Cell-specific plasticity associated with integrative memory of triple sensory signals in the barrel cortex
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Jing Feng1,2,3,*, Wei Lu1,2,4,*, Guang-Yan Wang4, Zhao-Ming Zhu4, Yan Sun4, Kaixin Du4 and Jin-Hui Wang1,2,3
1Department of Biology, University of Science and Technology China, Hefei, China
2Institute of Biophysics and University of Chinese Academy of Sciences, Beijing, China
3University of Chinese Academy of Sciences, Beijing, China
4Qingdao University, School of Pharmacy, Shandong, China
*These authors contributed equally to this work
Jin-Hui Wang, email: firstname.lastname@example.org
Keywords: learning memory; glutamate; GABA; synapse; barrel cortex
Received: September 26, 2017 Accepted: March 06, 2018 Published: July 24, 2018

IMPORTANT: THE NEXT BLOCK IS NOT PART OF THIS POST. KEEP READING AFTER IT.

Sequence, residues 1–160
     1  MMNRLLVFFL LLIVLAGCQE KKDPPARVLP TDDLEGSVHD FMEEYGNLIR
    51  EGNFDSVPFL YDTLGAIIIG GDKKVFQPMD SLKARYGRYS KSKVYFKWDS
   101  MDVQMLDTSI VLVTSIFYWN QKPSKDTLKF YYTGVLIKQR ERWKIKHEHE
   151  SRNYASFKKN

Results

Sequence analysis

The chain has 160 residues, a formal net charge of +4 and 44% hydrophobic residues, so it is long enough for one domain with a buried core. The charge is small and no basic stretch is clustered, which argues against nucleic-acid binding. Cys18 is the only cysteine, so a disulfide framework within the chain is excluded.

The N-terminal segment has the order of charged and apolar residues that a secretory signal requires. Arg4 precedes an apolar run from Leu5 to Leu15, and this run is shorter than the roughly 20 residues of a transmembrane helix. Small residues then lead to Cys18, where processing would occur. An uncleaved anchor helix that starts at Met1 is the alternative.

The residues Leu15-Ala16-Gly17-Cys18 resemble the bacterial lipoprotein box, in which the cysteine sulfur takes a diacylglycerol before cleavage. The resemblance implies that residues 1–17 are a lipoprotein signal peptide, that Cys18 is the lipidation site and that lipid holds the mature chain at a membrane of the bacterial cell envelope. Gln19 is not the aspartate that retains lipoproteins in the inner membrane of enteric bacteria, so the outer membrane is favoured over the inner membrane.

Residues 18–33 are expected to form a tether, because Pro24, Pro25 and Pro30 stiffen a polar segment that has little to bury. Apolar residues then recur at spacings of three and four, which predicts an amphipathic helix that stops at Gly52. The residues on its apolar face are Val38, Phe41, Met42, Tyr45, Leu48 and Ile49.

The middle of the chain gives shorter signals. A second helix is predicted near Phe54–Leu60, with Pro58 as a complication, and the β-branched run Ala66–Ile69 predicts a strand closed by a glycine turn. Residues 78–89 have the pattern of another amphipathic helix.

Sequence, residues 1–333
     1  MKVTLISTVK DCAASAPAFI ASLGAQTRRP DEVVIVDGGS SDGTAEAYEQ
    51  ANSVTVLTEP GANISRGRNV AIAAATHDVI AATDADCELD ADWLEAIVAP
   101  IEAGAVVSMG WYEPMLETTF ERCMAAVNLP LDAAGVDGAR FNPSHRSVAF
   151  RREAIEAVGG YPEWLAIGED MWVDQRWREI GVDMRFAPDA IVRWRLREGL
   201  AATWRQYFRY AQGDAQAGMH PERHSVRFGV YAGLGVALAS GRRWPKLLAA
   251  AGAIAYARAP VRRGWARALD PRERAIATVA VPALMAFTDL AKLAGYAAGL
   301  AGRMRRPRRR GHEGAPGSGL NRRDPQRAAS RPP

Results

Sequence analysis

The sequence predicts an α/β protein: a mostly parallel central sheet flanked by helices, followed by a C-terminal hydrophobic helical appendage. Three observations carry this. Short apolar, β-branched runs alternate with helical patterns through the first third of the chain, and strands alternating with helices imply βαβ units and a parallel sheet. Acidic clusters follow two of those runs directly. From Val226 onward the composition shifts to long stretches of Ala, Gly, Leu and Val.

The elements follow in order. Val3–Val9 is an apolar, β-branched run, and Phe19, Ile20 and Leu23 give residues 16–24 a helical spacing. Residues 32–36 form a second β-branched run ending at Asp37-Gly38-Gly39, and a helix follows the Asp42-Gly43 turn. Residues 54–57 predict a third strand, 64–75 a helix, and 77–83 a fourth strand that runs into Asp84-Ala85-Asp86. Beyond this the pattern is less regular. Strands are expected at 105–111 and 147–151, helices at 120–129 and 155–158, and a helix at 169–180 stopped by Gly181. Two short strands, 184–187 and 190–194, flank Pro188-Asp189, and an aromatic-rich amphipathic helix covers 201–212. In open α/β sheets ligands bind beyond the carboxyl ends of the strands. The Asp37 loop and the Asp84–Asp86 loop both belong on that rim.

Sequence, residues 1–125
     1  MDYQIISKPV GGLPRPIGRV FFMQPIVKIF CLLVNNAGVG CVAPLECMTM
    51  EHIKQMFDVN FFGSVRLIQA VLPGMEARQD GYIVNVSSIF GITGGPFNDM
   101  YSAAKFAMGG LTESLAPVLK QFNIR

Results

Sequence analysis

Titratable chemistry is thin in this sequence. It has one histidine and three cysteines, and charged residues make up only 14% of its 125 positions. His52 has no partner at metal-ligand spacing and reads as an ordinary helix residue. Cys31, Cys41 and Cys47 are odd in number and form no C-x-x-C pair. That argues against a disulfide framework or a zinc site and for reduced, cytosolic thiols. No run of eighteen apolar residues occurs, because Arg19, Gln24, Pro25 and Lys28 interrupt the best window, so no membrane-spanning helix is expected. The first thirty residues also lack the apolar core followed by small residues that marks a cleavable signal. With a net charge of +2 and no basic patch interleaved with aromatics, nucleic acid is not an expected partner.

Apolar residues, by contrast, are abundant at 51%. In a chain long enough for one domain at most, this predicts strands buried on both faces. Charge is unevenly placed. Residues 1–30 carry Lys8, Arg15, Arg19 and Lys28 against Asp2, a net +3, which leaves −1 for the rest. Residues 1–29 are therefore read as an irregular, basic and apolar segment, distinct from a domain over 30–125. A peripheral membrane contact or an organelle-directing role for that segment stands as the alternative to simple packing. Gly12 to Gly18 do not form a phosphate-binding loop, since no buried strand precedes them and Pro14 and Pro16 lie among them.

Neuronal plasticity occurs in associative memory. Associative memory cells are recruited for the integration and storage of associated signals. The coordinated refinements and interactions of associative memory cells including glutamatergic and GABAergic neurons remain elusive, which we have examined in a mouse model of associative learning. Paired olfaction, tail and whisker stimulations lead to odorant-induced and tail-induced whisker motions alongside whisker-induced whisker motion. In mice that show this cross-modal associative memory, barrel cortical glutamatergic and GABAergic neurons are recruited to encode the newly learned odor and tail signals alongside the innate whisker signal. These glutamatergic neurons are functionally upregulated, and GABAergic neurons are refined in a homeostatic manner. The mutual innervations between these glutamatergic and GABAergic neurons are upregulated. Therefore, the co-activations of sensory cortices by pairing the input signals recruit their glutamatergic and GABAergic neurons to be associative memory cells, which undergo coordinated refinement among glutamatergic and GABAergic neurons as well as homeostatic plasticity among subcellular compartments in order to drive these cells toward the optimal state for the integrative storage of associated signals.
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